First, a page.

Visco Doesn't See Attacks on Bank of Italy's Independence
(Bloomberg) -- Governor Ignazio Visco dismissed concerns over increasingly tense relations between the Bank of Italy and the nation’s populist administration, saying that the central bank is not under attack and that its independence requires it to be accountable.
“I think that the Bank of Italy is effectively independent, autonomous,” Visco, who is also a member of the European Central Bank governing council, said at an event in Milan on Wednesday. “I don’t see where the attack on the autonomy is, there is no attack on the autonomy.”
Visco’s comments follow a series of remarks by both deputy premiers Matteo Salvini, of the anti-migration League party, and Luigi Di Maio of the anti-establishment Five Star Movement criticizing the central bank’s record on the supervision of the nation’s lenders.
Last week Di Maio and other Five Star ministers reportedly forced the cabinet to postpone a decision on renewing the term of Bank of Italy deputy director general Luigi Federico Signorini.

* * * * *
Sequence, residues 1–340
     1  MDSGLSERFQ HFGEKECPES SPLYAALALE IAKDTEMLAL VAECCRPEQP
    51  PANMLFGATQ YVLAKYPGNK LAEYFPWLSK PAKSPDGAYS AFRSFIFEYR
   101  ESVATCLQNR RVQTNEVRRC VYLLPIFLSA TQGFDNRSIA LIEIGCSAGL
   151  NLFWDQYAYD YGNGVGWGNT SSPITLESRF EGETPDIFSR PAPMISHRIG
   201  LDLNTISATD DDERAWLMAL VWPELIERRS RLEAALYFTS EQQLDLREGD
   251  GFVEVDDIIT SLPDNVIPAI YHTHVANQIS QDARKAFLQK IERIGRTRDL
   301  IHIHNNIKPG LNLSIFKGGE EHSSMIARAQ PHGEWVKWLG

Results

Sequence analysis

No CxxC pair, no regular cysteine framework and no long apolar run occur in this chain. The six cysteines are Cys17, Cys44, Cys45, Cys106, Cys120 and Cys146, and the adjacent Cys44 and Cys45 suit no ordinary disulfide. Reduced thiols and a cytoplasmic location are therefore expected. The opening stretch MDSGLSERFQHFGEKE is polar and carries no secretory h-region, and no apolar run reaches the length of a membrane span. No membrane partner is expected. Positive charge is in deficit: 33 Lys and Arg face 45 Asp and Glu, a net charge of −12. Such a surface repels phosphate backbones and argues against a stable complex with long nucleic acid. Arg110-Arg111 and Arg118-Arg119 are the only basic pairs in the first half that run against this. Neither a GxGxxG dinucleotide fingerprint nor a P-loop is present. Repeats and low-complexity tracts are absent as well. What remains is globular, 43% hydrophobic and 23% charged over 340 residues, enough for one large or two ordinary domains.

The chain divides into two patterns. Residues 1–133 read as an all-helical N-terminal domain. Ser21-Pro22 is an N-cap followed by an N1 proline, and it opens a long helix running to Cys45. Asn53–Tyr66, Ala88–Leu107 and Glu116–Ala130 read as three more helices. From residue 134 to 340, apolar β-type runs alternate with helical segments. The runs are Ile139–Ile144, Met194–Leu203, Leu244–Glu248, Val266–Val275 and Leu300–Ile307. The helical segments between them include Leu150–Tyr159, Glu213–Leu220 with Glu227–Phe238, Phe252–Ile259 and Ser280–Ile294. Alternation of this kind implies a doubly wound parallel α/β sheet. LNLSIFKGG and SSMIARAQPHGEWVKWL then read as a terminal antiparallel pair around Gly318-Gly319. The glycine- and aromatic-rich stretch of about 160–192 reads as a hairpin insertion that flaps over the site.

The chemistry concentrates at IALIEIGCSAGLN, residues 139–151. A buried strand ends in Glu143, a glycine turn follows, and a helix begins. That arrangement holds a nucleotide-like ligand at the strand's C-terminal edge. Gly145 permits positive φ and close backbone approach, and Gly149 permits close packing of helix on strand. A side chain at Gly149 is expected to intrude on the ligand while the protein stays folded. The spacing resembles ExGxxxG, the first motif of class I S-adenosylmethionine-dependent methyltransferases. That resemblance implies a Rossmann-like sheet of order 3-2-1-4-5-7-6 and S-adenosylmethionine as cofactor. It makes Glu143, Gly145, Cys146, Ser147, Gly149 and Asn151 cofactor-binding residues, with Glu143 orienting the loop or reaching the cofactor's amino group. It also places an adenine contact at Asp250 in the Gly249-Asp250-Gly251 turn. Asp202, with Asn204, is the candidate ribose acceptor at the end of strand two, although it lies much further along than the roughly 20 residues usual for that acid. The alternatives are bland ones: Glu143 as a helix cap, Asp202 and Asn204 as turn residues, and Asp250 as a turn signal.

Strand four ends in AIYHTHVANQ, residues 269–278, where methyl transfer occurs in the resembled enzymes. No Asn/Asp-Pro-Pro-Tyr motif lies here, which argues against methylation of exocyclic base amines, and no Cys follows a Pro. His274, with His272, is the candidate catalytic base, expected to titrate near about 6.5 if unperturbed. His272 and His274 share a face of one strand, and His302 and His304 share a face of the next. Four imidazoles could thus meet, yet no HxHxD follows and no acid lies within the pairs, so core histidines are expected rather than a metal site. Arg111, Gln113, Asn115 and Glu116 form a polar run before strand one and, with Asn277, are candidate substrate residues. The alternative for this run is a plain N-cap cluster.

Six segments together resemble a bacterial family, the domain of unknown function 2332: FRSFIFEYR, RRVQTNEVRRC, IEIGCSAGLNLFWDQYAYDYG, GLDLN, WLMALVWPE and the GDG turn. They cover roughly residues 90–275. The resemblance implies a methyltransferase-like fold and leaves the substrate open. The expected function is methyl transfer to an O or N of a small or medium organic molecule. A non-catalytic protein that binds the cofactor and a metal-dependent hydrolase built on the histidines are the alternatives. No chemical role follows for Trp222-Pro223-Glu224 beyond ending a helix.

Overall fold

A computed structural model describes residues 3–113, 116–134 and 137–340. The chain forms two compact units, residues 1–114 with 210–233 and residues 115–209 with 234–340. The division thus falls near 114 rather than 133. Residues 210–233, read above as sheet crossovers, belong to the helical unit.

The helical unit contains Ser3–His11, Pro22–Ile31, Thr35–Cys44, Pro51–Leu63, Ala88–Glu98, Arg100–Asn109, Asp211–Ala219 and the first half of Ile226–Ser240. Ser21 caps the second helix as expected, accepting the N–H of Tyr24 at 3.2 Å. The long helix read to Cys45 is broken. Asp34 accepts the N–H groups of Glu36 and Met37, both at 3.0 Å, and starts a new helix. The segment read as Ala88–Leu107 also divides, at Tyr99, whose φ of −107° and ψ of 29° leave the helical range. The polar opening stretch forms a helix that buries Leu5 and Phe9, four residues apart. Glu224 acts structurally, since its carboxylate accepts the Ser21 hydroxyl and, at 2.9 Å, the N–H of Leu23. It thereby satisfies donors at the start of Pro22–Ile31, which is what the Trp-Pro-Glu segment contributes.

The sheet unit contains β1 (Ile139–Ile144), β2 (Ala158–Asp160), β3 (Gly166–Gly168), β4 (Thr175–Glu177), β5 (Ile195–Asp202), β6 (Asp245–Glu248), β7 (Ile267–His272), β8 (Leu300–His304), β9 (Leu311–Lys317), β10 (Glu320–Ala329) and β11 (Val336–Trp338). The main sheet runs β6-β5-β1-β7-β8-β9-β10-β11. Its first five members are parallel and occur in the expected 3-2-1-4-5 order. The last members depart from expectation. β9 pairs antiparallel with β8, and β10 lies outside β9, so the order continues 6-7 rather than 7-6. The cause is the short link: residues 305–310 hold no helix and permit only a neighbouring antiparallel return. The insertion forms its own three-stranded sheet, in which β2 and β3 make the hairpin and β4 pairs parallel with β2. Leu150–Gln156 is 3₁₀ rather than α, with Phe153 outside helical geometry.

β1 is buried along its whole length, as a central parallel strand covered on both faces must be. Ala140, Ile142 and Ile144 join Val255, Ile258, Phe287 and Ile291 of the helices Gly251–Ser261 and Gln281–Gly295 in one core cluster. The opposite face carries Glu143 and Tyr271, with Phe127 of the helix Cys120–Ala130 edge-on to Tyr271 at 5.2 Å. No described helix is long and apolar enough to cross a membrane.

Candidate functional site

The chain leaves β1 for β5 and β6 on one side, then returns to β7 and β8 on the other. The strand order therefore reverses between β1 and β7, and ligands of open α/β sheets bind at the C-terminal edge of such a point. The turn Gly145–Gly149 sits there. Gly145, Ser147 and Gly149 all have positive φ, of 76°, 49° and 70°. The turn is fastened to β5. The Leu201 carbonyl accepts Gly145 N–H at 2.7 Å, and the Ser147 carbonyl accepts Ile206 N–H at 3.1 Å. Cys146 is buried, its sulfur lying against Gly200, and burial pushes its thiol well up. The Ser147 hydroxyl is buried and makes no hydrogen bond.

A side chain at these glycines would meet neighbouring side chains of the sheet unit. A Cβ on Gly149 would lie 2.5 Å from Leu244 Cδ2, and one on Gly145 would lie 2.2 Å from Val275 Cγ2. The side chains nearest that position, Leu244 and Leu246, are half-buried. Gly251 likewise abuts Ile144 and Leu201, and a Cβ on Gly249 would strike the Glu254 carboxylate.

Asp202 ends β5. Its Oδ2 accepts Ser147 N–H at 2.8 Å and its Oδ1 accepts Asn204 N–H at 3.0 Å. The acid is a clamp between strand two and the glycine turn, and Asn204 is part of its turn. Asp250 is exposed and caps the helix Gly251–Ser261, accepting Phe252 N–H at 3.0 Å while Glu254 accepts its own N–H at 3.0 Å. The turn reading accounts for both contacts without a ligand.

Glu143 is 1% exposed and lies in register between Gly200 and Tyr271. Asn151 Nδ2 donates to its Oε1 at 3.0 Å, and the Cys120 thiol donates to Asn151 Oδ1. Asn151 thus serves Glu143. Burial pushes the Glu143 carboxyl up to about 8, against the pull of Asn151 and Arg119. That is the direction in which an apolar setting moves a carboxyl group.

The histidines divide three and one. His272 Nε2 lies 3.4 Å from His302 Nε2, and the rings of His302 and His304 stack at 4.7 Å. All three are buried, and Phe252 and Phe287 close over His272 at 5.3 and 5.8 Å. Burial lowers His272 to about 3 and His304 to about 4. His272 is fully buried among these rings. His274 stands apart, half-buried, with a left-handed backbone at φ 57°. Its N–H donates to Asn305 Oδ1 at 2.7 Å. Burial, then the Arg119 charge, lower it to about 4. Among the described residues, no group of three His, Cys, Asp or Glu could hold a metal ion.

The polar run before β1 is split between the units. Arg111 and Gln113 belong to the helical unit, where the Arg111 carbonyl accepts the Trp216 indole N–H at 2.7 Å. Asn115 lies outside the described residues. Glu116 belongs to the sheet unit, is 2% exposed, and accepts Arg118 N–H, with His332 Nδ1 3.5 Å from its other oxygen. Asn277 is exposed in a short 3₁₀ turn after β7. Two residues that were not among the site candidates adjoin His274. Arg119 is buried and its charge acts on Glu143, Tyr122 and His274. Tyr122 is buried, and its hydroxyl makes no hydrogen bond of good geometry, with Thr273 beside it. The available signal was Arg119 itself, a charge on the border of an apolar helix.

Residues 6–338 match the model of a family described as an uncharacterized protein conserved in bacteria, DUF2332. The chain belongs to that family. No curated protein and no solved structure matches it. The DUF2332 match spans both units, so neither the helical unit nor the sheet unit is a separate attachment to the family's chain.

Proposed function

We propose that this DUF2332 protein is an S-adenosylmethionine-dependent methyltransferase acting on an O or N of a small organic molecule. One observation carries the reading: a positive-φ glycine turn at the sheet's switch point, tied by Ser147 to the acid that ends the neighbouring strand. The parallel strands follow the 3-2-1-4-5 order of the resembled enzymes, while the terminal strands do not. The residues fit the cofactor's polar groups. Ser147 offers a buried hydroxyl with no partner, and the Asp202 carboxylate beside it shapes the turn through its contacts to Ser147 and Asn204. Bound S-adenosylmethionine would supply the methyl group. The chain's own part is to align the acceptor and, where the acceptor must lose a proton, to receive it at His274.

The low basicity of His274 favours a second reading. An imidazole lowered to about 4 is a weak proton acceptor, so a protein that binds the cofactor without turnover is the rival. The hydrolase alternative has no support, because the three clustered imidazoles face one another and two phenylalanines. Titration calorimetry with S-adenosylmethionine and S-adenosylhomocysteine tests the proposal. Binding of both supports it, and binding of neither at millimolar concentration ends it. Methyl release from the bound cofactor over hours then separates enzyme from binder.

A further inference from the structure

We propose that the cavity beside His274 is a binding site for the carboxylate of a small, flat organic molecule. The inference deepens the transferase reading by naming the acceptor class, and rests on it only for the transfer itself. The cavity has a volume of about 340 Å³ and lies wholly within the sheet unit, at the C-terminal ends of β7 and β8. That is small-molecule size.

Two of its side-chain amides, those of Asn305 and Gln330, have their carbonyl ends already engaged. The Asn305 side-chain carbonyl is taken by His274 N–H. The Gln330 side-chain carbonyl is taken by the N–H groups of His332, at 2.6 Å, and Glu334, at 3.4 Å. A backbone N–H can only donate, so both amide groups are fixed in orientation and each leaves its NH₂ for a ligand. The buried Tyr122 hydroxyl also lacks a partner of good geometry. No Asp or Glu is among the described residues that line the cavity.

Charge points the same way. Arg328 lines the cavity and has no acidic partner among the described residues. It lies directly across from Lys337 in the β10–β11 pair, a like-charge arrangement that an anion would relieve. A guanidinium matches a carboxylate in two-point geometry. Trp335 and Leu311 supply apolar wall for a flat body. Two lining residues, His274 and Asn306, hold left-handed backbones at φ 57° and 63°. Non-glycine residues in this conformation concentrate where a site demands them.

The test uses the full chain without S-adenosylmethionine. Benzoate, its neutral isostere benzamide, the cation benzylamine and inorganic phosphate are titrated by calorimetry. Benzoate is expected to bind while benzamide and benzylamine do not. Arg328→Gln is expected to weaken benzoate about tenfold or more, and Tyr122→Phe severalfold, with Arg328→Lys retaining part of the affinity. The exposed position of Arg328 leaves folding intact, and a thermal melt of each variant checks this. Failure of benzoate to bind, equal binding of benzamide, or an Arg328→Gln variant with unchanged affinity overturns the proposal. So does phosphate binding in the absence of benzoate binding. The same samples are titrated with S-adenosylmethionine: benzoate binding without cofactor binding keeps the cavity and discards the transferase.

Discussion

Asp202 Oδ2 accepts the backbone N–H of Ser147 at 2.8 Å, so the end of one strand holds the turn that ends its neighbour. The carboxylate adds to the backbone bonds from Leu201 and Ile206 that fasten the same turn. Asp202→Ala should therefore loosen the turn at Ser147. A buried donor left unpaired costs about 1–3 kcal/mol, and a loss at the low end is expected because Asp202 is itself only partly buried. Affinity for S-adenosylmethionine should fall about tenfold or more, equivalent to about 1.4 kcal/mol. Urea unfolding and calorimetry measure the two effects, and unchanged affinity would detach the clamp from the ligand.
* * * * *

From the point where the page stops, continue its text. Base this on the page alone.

Visco told the Milan audience that “at times there is an uncertain vision of the Bank of Italy’s responsibilities and there are people saying that there can’t be independence without accountability.” He added that he “fully” agrees with the latter point.
“There is already a law,” he said.
The bill presented by League’s Claudio Borghi and currently being examined by the Lower House’s Finance Committee calls for an explicit interpretation of the legislation on the Bank of Italy’s reserves dating back to 1988. The proposed article says that the institute “holds and manages as deposits” the gold, while its ownership is with the Italian state.
Borghi, who heads the Budget Committee in the Lower House, repeatedly rejected criticism from opposition politicians, and some national media arguing that the legislation may allow the government to raid the gold reserves to fund spending promises.
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